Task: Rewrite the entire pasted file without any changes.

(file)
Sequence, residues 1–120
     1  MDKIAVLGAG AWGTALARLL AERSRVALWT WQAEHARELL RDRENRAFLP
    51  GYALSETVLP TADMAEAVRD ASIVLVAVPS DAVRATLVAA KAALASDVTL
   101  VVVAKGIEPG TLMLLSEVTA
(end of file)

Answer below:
Sequence, residues 1–120
     1  MDKIAVLGAG AWGTALARLL AERSRVALWT WQAEHARELL RDRENRAFLP
    51  GYALSETVLP TADMAEAVRD ASIVLVAVPS DAVRATLVAA KAALASDVTL
   101  VVVAKGIEPG TLMLLSEVTA